point I could not go back to my studies). I walked out to the livingroom to see what Shaila Chachi wanted; she ran to me and huggedme, her wails deafening me, her tears soaking through my shalwar.“Chachi, what happened, why are you crying.” No sense of urgency or panic, as I knew my Chachi tended towards drama, and couldburst into tears for almost any number of things, including her usualstrife with her household staff.“Shona, come upstairs. Your Chacha wants to talk to you.” The first hint of something larger than Chachi’s melodrama, a slight taste of dread seeped in. Chacha is Abbu’s eldest brother, andresides in the top floor flat’s regal study, where the children of thehousehold are barred entry unless they are called forth to receivehis instructions, sometimes given with a life affirming slap or two tothe face. Chacha had never called me up before, for I was the star pupil in my family, the child who was used as the role model by allour elders when they scolded their own kids (and, of course, my cousins teased me miserably to counter my larger share of parentalaffection and respect). Chacha only called us up when we didsomething wrong, and as I could not recall doing anything evenresembling imperfection, I felt fear constricting my chest as Irealized that Chacha may be calling me about some other news; my initial taste of dread turned into bitter bile, my sweat glands poredout their anxious tears into my clothes as I walked up the stairs totalk to Chacha.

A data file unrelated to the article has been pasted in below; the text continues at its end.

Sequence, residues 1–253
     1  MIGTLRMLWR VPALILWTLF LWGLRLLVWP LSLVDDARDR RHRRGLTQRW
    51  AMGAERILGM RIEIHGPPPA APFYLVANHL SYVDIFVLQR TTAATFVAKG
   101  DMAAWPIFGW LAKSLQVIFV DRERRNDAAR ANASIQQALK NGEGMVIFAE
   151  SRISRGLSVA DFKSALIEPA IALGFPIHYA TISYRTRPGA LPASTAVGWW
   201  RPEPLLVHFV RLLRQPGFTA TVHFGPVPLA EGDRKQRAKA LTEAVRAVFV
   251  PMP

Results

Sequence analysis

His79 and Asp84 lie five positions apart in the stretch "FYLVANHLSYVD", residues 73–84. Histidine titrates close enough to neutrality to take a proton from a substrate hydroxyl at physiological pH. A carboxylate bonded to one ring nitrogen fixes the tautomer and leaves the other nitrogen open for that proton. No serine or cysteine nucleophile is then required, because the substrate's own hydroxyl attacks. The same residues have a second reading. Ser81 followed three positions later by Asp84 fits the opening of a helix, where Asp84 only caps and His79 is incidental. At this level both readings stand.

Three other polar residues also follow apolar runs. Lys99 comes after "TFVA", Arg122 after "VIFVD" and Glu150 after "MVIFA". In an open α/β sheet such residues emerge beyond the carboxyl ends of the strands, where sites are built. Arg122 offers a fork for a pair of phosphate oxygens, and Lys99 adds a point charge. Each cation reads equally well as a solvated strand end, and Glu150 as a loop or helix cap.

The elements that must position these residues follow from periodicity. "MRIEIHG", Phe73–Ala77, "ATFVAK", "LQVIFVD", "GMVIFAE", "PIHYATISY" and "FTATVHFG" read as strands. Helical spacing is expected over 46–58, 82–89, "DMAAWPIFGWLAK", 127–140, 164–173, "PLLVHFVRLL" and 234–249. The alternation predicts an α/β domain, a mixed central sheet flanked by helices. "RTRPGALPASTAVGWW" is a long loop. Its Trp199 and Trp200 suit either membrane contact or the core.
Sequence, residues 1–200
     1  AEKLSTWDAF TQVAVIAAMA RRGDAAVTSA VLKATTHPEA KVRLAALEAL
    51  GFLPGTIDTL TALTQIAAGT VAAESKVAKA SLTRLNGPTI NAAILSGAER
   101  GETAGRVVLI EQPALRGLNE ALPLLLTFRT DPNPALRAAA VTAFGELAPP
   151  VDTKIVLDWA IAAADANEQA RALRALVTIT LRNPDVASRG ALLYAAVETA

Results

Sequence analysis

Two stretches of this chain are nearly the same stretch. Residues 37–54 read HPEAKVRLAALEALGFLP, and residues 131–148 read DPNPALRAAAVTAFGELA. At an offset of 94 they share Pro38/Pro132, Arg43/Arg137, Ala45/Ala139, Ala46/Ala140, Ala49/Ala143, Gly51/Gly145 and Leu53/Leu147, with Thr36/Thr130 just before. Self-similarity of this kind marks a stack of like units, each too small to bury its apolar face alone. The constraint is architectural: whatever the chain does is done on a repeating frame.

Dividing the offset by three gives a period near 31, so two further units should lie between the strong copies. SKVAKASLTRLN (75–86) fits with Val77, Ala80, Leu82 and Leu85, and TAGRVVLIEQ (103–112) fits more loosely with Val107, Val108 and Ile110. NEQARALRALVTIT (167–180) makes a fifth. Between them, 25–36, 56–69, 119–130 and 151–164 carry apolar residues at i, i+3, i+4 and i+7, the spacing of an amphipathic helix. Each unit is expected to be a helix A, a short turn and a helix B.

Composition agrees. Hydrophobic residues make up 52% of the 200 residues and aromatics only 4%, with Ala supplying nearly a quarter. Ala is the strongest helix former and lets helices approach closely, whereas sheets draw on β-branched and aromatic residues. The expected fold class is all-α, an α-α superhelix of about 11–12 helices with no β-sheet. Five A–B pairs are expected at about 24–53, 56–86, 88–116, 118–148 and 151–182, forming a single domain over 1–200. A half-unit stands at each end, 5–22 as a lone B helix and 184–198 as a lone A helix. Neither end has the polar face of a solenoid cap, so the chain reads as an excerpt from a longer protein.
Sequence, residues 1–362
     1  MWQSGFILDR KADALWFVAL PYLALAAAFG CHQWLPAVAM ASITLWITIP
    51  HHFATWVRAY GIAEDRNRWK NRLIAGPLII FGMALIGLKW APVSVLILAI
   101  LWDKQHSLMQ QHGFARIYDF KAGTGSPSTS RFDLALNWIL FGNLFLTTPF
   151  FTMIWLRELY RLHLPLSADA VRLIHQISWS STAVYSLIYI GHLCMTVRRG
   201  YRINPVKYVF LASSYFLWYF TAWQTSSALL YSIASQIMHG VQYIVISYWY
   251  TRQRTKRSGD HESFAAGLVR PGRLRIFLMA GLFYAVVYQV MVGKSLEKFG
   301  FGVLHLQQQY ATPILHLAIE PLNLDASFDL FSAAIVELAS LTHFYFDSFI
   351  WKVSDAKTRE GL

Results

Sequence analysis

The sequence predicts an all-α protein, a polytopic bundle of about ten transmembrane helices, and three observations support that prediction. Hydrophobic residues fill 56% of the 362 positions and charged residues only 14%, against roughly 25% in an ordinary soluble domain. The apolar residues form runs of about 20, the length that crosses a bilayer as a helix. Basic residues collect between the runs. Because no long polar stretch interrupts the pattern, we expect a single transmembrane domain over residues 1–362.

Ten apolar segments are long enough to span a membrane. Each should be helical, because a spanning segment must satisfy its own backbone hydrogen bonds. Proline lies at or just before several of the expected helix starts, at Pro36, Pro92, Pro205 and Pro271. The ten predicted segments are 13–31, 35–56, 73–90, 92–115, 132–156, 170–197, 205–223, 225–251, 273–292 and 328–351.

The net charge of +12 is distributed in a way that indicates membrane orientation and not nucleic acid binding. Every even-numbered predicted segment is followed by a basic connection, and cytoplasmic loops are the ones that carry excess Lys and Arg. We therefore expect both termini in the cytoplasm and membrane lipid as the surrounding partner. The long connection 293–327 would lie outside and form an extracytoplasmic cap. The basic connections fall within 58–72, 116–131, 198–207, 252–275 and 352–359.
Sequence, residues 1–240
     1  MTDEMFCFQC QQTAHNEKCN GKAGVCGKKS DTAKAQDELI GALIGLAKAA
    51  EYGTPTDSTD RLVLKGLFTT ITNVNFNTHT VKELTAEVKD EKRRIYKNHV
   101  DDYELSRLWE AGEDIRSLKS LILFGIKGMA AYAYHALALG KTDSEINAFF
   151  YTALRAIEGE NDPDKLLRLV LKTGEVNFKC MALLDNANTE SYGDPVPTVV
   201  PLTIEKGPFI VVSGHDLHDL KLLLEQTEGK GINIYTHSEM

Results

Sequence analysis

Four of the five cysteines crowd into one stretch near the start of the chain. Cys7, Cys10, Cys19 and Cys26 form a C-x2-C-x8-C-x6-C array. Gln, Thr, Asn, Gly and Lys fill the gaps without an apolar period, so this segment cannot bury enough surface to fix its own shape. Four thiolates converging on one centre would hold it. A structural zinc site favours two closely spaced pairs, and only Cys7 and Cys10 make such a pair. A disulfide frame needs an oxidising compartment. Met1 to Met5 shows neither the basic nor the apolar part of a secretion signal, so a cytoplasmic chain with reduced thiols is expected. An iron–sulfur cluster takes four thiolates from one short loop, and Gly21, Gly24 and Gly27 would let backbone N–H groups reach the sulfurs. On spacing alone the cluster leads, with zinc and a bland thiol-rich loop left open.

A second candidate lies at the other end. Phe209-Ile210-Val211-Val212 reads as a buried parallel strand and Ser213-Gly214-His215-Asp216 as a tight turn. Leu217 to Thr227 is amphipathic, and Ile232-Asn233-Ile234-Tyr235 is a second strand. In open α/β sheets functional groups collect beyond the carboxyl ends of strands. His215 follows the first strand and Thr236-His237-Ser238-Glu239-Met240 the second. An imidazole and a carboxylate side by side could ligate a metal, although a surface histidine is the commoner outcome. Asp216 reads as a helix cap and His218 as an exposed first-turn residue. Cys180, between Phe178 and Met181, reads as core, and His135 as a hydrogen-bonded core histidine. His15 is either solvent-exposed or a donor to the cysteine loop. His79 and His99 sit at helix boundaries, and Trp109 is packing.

I shake myself out of my reverie, and stop my painful walk throughthe dug up, cratered lane of the years that came after my talk withChacha. I look up at the clock and note that it was a little pastnoon. Mr. Ehsan’s not altogether unpleasant odor lingered, lettingme know that I am trespassing on the poor man’s domain, hiskingdom of files, clips, pens and towel-draped throne. My rage,frustration, the almost virulent hatred I felt for the man for the lastfew hours dissipated; he did not have the skills, motivation or powerto help me, and his incompetency and inefficiency may have beenexasperated by being faced with a woman of higher education, class(and perceived power and influence) then him. I feel the coolness of reason come back to me, driving out the despair that I felt only afew minutes back. Mr. Ehsan may not be able to help me findChoton; he may be a duffer sent by the Foreign Office to the sandy,madman dominated outpost in Libya, whose lifelong reaction tomost questions may be to respond with a safe “no;” but he was kindenough (or scared enough of me) to have left me in his office to waitout the afternoon heat and plan out my next course of action.When I am in motion, when I feel that I am getting things done, Ifeel less vulnerable to that defeatist’s cloak being thrown over me,that dark self-pity crippling me. When I take action, I rejuvenatemyself. I grab a pen and paper from Mr. Ehsan’s desh and start